Cueing training in the home improves gait-related mobility in Parkinson's disease: The RESCUE-trial
Nieuwboer, Alice × Kwakkel, Gert Rochester, Lynn Jones, Diana van Wegen, Erwin Willems, Anne Marie Chavret, Fabienne Hetherington, Victoria Baker, Katherine Lim, Inge #
British Medical Association
Journal of Neurology, Neurosurgery and Psychiatry vol:78 issue:2 pages:134-140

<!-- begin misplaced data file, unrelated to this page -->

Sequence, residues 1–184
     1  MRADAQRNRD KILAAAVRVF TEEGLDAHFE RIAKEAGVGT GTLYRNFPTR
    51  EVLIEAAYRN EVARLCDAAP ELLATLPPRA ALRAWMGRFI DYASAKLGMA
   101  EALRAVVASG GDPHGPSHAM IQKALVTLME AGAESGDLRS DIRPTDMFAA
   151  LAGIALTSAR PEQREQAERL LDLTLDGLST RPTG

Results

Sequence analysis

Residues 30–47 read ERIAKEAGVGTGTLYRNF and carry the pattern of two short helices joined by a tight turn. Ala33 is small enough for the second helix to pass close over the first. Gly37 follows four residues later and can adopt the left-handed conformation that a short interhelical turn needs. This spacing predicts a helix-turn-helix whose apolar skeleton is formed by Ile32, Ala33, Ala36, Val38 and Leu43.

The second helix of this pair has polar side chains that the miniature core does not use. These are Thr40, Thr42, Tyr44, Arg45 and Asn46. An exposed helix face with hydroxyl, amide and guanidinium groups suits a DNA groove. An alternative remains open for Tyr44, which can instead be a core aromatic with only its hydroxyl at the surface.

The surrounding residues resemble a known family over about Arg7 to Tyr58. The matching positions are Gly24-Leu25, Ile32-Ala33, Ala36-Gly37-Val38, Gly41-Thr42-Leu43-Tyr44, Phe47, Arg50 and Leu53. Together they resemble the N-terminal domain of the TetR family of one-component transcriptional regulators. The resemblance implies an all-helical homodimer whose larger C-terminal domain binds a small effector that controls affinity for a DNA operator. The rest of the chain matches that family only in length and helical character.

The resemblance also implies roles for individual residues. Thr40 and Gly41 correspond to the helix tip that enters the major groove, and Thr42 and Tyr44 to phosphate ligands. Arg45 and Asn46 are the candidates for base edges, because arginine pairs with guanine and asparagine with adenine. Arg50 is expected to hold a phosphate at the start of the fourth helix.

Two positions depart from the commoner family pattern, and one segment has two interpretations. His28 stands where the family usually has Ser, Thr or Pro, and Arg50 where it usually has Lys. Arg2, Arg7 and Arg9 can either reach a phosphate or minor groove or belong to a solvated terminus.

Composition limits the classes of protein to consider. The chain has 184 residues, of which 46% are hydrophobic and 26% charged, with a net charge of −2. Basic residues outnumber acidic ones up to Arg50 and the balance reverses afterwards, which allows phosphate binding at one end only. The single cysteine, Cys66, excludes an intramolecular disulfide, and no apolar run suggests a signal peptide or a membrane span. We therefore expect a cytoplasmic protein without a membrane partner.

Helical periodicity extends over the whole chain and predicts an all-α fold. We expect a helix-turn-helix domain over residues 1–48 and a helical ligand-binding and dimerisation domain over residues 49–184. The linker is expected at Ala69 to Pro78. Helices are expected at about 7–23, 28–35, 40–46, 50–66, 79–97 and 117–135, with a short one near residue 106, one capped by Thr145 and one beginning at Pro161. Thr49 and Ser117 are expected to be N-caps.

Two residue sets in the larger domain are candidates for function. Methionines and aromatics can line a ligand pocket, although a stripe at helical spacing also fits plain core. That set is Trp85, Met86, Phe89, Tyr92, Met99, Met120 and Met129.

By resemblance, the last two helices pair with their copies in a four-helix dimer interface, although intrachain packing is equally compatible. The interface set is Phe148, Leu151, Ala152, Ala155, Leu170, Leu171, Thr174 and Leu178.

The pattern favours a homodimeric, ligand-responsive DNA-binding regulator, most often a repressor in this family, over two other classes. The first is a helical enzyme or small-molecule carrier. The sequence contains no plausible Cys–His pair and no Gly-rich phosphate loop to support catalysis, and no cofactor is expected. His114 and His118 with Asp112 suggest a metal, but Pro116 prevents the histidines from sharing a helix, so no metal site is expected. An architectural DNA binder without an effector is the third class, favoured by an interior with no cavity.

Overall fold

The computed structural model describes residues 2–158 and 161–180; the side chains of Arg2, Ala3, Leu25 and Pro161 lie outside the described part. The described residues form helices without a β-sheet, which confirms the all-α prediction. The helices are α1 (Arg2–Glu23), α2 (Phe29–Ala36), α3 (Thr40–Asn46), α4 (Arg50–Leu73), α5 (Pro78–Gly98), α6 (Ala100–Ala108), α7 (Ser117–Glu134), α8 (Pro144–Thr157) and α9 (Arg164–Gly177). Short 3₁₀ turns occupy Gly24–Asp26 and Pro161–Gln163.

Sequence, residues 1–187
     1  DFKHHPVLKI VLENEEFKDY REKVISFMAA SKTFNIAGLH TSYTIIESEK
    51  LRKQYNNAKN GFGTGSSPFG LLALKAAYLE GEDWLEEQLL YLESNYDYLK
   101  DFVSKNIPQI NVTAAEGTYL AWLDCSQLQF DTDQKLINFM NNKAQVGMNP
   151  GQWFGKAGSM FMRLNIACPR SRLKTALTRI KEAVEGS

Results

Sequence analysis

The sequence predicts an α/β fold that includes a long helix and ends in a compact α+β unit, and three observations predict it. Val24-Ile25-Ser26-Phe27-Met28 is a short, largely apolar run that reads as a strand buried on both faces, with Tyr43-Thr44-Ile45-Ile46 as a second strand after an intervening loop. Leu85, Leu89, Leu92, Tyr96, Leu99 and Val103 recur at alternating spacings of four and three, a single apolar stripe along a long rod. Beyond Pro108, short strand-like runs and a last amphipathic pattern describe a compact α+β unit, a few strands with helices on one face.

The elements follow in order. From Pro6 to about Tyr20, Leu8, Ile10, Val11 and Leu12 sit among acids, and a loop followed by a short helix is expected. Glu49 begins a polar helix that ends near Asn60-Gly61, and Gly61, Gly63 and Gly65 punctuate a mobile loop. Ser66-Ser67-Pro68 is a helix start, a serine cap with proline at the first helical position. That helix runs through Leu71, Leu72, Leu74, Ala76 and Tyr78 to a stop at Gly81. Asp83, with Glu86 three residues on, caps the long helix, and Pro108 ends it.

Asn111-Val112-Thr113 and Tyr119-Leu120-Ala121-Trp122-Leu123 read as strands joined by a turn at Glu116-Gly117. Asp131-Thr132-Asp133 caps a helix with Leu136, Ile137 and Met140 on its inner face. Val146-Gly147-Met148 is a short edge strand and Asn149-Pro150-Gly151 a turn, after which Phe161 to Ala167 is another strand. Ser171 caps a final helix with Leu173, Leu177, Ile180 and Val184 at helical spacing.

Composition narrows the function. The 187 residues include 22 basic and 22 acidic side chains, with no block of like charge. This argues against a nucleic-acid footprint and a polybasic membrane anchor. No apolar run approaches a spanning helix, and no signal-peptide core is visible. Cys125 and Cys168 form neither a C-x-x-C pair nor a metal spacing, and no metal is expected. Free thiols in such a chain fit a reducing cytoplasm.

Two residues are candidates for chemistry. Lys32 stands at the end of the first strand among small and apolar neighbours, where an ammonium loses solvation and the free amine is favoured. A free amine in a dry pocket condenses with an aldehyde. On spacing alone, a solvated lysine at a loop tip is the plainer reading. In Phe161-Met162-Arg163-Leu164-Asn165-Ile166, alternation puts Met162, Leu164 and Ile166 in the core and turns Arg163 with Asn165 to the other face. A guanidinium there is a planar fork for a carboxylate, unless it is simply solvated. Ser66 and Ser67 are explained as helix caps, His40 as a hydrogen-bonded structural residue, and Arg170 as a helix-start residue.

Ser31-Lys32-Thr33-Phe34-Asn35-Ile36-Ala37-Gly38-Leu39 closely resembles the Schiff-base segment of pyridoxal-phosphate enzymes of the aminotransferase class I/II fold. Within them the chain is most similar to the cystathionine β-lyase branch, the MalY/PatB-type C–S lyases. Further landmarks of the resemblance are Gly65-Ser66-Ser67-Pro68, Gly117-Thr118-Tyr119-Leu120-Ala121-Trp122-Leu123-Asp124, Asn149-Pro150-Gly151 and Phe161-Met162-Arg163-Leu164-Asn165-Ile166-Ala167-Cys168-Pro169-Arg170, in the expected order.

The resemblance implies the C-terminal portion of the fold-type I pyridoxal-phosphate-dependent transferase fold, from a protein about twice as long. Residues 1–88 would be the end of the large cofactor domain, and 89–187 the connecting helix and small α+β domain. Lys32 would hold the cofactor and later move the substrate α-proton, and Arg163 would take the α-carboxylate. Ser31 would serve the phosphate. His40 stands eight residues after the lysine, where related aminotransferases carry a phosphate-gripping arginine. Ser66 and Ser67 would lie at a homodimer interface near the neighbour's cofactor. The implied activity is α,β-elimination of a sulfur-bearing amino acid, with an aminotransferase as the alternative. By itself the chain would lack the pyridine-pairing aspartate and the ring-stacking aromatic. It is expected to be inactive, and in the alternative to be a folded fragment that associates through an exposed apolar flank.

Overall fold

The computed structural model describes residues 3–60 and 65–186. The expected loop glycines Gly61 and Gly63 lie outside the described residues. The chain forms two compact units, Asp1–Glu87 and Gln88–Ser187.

OBJECTIVES: Gait and mobility problems remain difficult to treat in people with Parkinson's disease (PD). The RESCUE-trial investigated the effects of a home physiotherapy program based on rhythmical cueing on gait and gait-related activity. METHODS: A single-blind randomized cross-over trial was set up, including 153 patients with PD aged between 41 and 80 years and in Hoehn & Yahr stage II to IV. Subjects allocated to early intervention (N=76) received a three-week home cueing program using a prototype cueing device followed by three weeks without training. Patients allocated to late intervention (N=77) underwent the same intervention and control period in reverse order. After the initial 6 weeks, both groups had a six week follow-up without training. Posture and Gait scores (PG-scores) measured at 3, 6, and 12 weeks by blind testers were the primary outcome measure. Secondary outcomes included specific measures on gait, freezing and balance, functional activities, quality of life and carer strain. RESULTS: Small but significant improvements were found after intervention of 4.2% on the PG-scores (p=0.005). Severity of freezing was reduced by 5.5% as measured in freezers only (p=0.007). Gait speed (p=0.005), step length (p<.0001) and timed balance tests (p=0.003) improved in the full cohort. Other than a greater confidence to carry out functional activities (Falls Efficacy Scale, p=0.04), no carry-over effects were observed in functional and quality of life domains. Effects of intervention reduced significantly at 6 week follow-up. CONCLUSIONS: Cueing training in the home has specific effects on gait, freezing and balance. The wearing off of intervention effects underscores the need for permanent cueing devices and follow-up treatment. Cueing training may be a useful therapeutic adjunct to the overall management of gait disturbance in PD.